It's not all that hard to see, especially since Romney spent nearly all last year stuck at 25% in the polls, despite never being challenged in debates by the media or his opponents, while a procession of unlikely reality show-type characters took the lead.
Can you say "inevitable?" Rick Santorum won all three states Tuesday night -- Minnesota, Missouri, and Colorado -- from supposedly inevitable Republican presidential frontrunner Mitt Romney. The first two contests were landslides; the latter was a state that Romney won in a landslide in 2008.
But a hive mind media, driven by stenography and churn (much of its twitter-pated), snark and hype (from consultants eager to provide "content"), kept on ignoring warning signs, even awarding him the perception of an "historic" sweep of Iowa and New Hampshire when it was actually Santorum, as I warned early on, who won Iowa.
Then, too, the conventional news media only budgeted for the early contests.
When you plan for an early result, you look to an early result.
As a result, there has been far too much "Inevitable Romney" blithering and not just from the ever energetic insider boosters at Politico and Time Magazine's Mark Halperin operation.
Notice there are hardly any polls now. There were only a few polls of Nevada, too, despite its official designation by the Republican National Committee as one of the First Four contests. And there was no debate, even though Las Vegas is a great city for one.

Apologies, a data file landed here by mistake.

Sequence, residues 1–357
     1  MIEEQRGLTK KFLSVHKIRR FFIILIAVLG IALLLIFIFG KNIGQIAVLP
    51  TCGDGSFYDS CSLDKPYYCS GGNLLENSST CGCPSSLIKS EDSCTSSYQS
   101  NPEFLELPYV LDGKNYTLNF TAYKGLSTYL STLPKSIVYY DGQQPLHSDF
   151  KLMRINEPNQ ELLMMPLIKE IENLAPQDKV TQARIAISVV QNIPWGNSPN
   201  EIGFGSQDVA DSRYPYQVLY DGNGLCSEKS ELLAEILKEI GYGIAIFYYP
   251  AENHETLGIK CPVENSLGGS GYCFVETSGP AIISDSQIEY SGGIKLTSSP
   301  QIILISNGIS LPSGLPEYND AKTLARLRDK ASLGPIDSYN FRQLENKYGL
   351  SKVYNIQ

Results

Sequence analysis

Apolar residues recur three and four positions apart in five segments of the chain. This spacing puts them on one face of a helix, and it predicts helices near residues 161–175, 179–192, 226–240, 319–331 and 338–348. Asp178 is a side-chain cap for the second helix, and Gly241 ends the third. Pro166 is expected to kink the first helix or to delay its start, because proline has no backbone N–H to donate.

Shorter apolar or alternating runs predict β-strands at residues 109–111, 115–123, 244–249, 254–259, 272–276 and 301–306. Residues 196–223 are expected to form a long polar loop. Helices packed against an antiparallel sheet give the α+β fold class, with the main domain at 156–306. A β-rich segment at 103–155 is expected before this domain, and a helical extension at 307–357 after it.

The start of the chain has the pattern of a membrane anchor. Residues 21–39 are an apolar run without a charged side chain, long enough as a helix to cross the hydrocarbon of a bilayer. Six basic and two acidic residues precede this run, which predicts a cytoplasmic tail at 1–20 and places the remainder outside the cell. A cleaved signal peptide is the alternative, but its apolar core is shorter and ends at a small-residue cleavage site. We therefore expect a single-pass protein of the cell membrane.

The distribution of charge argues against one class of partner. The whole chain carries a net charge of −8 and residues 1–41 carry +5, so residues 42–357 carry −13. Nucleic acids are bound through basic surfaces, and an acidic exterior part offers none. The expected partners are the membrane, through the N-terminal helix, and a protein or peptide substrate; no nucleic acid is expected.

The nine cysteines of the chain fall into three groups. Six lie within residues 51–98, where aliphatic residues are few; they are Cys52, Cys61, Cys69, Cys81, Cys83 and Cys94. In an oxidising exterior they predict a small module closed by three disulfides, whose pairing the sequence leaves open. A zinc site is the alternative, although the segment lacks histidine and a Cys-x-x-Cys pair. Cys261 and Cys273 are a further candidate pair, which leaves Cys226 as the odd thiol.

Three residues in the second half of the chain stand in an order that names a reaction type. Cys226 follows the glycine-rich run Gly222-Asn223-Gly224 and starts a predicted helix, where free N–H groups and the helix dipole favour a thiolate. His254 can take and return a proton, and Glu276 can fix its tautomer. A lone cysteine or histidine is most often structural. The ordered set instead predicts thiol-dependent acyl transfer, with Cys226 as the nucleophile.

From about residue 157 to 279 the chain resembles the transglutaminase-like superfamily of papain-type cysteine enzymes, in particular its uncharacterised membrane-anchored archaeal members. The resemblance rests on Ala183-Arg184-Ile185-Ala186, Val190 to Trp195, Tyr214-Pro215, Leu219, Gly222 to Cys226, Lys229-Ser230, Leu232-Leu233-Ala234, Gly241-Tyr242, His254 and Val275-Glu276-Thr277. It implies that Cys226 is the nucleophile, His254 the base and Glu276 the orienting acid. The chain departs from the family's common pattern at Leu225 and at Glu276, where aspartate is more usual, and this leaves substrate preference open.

The truth is that the national (read: East Coast-based) news media never wanted to cover Nevada or take it seriously. It wasn't convenient. That was true in 2008, too, with the big Democratic contest there. The difference is that Nevada had a great champion in Senate Majority Leader Harry Reid. And other party leaders saw the wisdom of what my old friend and boss Gary Hart had been preaching since the early 1980s, that much of the West could be turned into Democratic territory, if the party made appropriate adjustments. The Republicans, however, had no such leadership. And Nevada's Republican leadership not only did not include a powerful Senate leader, what clout it had disappeared in a flurry of scandals.
So what next?
Romney has some big fundamental problems. He and his "independent" super PAC can't concentrate their fire on two opponents at one time. There is something about Romney which doesn't work when he's running a positive campaign. And the road ahead is full of proportional representation contests that make it impossible for Romney to lock up anything unless his opponents comply.
If Romney fails to develop a compelling positive message, he might succeed in shooting down Santorum, but that may allow for the re-emergence, once again, of Newt Gingrich, who has already shocked people twice in that regard.
Or voters may just figure out that Romney is nothing more than a negative campaigner, and turn on him no matter who the alternative is.
But Romney may just reach within and surprise us.
So, unless you enjoy the constant surprise of clicking on the Inevitable Romney button only to be serenaded by the stylings of Rick Astley, a Romney-style pop star if there ever was one, perhaps we should see how events actually play out. A radical thought, to be sure.
You can check things during the day on my site, New West Notes ... www.newwestnotes.com.